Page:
One would imagine that the “clear”, “emphatic” reading of the 1918 election result by the Freeman’s Journal would be the only possible interpretation of it. After all, it represented probably the most unequivocal mandate ever given anywhere by a people to an independence movement. But no. Press commentary on the centenary has been strangely distorted, dominated by much “whatiffery”, the highlighting of secondary aspects, such as an alleged old-young divide, the role of priests, or bafflement at how the newly enfranchised women’s vote could possibly have gone as overwhelmingly as it did to Sinn Féin. There was much nit-picking about the failure of the state to live up to the hopes of the electorate, as if this had been any other election. It was presented as an event about any number of issues other than the clear single issue it was about. At the time, however, it was not only the Freeman’s Journal that saw the wood for the trees: the London Times also reported that the Irish election “was treated by all parties as a plebiscite”.

Many canards have been raised. Fintan O’Toole hinted darkly that Sinn Féin had won its landslide majority on “just 48 per cent of the vote … [while] in the entire counties of Cork, Clare and Kerry they faced no opposition at all”. Diarmaid Ferriter found “ominous” the Sinn Féin manifesto commitment that an Irish government would “use any and every means available to render impotent the power of England to hold Ireland in subjection by military force or otherwise”. Stephen Collins thinks the British government eventually came around to accept the mandate thanks to the pressure of British public opinion.

The Sinn Féin manifesto was indeed extraordinarily clear, and its voters could have been under no illusions as to what they were voting for. The choice, it stated, was between an independent nation state and remaining “in the shadow of a base imperialism”. The proposed state was the republic declared in 1916, and the electorate was invited to endorse “that Republic”, to be realised by its elected representatives withdrawing from Westminster and establishing an Irish parliament. A Sinn Féin government would “use every means at its disposal” to “render impotent” English rule in Ireland, take full responsibility for the administrative, security and economic governance of the country and seek recognition as an independent nation at the postwar peace conference. Far from being a non-violent “reaction” to 1916 (O’Toole) the election was the realisation by electoral mandate of the aspiration 1916 represented, and hence the democratic founding event of the modern Irish state.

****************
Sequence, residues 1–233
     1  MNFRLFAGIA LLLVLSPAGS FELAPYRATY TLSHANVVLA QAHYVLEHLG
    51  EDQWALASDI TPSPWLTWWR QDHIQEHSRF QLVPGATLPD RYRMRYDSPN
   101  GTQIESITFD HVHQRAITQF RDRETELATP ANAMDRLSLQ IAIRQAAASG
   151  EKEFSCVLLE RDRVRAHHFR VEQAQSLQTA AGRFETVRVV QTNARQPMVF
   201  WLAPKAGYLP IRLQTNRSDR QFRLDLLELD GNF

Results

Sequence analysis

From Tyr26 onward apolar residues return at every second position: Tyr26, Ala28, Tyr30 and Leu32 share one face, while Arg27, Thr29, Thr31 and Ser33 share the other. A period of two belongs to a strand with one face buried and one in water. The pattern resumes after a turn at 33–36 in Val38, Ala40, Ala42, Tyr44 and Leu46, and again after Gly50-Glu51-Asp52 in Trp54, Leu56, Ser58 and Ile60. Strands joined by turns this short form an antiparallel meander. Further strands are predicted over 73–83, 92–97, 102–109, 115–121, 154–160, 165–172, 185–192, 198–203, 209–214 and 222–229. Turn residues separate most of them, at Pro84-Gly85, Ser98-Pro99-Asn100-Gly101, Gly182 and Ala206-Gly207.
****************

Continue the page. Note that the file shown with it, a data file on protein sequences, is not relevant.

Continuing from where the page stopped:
Much has rightly been made of the importance of women finally achieving the franchise for national elections (they could vote in local elections since 1889 once they met the property/tenancy qualification). Alone of the parties, Sinn Féin supported women’s right to the full franchise. Though suffrage had supporters among the IPP, John Dillon, who succeeded Redmond as party leader, was a fervent opponent, stating that it would be “the ruin of our Western civilization. It will destroy the home, challenging the headship of man, laid down by God. It may come in your time – I hope not in mine.” Just two women contested the election for Sinn Féin (Hanna Sheehy Skeffington turned down a nomination), and Constance Markievicz was elected. Much is made of her being the only woman elected for Sinn Féin, but in Britain not a single woman was returned, Liberal, Tory or Labour. On de Valera’s proposal, Markievicz was appointed to cabinet, as minister for labour, a role which, despite operating underground under conditions of British military rule, she executed with great energy and to widespread acclaim. But the votes of Irish women were declared as null and void as everybody else’s when Britain refused to accept the legitimacy of the result. You could not just vote yourself out of the empire!

The election is often described as an event in a process otherwise shaped by “violence”. And indeed the election was marred by much violence. As described by Michael Laffan, himself no Republican, this took the form of crown forces breaking up election meetings, imprisoning Sinn Féin activists and seizing election literature; Sinn Féin itself, as well as many other national organisations was banned; over a hundred Sinn Féin leaders, and seventy-three of its candidates were interned; much of the country was under military rule; Republican papers were suppressed and other newspapers operated under tight censorship. The “emergency” under which British rule had operated since the start of the Great War, including the draconian Defence of the Realm Act (DORA), continued to be thoroughly implemented; this may be why many in Ireland failed to grasp that this was “a post-war election”. The censored press regurgitated the speeches of Unionist and IPP candidates, while those of Sinn Féin were heavily “redacted”, with all “seditious” material removed. Even its manifesto was only allowed be quoted from a heavily redacted Castle-approved version that deleted half the text.